I, for one, am feeling like a kid in a candy shop. After a dearth of cast albums, we are suddenly up to our armpits in new releases. And, as befits the (albeit almost concluded) summer wedding season, we have all the bases covered: something old, something new, something borrowed and something blue.

For something new we turn to Bat Boy, the Musical. Based on an article from that fount of reputable journalism, The Weekly World News, Bat Boy tells the tale of a half boy/half bat creature found in a cave near Hope Falls, West Virginia. After attacking a local girl, he is captured and brought into the care and custody of the local veterinarian and his family, who teach him civilized ways and (for the most part) try and integrate him into polite society. But is the town ready for a half human/half beast that forces them to confront their deepest fears? And what is the shocking secret of his true origin? And is this really the stuff musicals are made of?

Well, yes. Bat Boy is one of the most truly original shows I have had in my CD player recently. I was expecting a camp, pastiche ridden show ala Little Shop of Horrors but found something more along the lines of Alan Menken's Weird Romance. While the songs at times recall other shows stylistically, Bat Boy possesses its own unique voice and instead of being a pastiche of other shows, is more inspired by their sources. The music and lyrics by Laurence O'Keefe are biting and they alternate between moderate camp (such as "Another Dead Cow," in which the local ranchers question the cause of their dwindling herds) and tender, well written ballads, (the poignant "A Home For You", amazingly sung by Kaitlin Hopkins as the adoptive mother of Bat Boy) with some stirring anthems tossed in ("Let Me Walk Among You," sung by Deven May as the title character). The show definitely has more than a touch of outrageous camp sensibility to it, (the forest god, Pan, teaching Bat Boy and his paramour Shelley (Kerry Butler) how to love? That's a moment I need to see on stage to believe!), but given the source, how could it not?

Bat Boy's heart, however, contains a poignant story of acceptance, not only of others but also of ourselves, and its lifeblood of strong performers and winning material makes this an album worth sinking your teeth into and savoring.

Something old is represented by a plethora of revivals and re-releases from Fynsworth Alley, first of which being the long overdue CD transfer of Working. Based on the book by Studs Terkel and adapted/directed by Stephen Schwartz, Working opened on Broadway in 1978 and explored the largely blue collar workforce's workday through songs and monologues. Working was filmed for a 1983 Great Performances broadcast (which is available through Broadway Theatre Archive) and was revised in 1999 for a production at the Long Wharf Theatre in order to bring it into the era of computers.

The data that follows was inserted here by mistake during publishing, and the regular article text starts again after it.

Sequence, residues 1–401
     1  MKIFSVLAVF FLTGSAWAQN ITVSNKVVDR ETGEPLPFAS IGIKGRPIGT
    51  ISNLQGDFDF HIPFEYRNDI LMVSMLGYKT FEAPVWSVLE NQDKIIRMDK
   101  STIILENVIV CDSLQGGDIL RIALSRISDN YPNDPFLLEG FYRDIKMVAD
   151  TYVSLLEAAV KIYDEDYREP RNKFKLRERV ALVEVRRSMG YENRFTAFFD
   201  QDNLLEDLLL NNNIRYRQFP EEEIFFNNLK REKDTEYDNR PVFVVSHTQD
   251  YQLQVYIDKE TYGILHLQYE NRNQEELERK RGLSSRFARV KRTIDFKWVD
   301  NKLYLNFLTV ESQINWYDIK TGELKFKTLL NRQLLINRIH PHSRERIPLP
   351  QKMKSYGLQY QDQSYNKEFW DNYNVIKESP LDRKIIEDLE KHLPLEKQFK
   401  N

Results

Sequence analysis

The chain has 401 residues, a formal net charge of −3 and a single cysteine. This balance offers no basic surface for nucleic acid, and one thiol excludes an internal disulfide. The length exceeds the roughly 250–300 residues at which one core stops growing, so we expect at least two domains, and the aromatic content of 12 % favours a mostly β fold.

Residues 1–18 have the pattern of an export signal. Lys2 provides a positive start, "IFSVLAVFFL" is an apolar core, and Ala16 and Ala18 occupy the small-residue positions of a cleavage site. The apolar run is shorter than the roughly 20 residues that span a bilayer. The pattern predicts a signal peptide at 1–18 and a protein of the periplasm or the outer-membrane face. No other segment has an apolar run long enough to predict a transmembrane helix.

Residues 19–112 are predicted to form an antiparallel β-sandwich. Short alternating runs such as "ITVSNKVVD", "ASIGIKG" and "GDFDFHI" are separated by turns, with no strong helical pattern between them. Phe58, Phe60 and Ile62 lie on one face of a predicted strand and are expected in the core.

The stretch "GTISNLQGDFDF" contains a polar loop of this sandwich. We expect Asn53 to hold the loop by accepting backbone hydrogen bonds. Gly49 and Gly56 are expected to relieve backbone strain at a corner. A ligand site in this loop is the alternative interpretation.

The songs are penned by a veritable Who's Who of Broadway, cabaret, and pop composers. Craig Carnelia supplied "The Mason," "Just a Housewife," and "Something to Point To," which have all become cabaret standards, as well as "Joe." Micki Grant wrote "Lovin' Al," and the driving "Cleaning Women." Mary Rodgers/Susan Birkenhead provided "Nobody Tells Me How," sung by an aging third grade teacher unsure how to adapt, and is probably more topical today then it was 23 years ago. Stephen Schwartz penned the opening number, "All The Live Long Day, " "Neat To Be A Newsboy," (the only truly dated song, but one of my favorites for the 'bongs'), "Fathers and Sons," which is one of his most poignant songs, and the waitress' anthem, "It's An Art." And James Taylor wrote "Un Mejor Dia Vendra" (whose Spanish lyrics are by Graciela Daniele and Matt Landers, and I wish were translated somewhere in the liner notes) and "Brother Trucker." As few of the professions have fallen by the wayside, the album remains remarkably fresh. While some of the songs' styles haven't held up as well ("Brother Trucker" and "If I Could Have Been"), the underlying sentiments still invoke a knowing sense of appreciation and the album remains highly listenable and enjoyable.

The performers are all strong on the CD, but this is one of those rare cast albums which is definitely an ensemble piece. The songs are the stars of the show, not individual singers. As a result, no one performer stands out, but rather all are equally strong and make the album work as a seamless, fluid whole.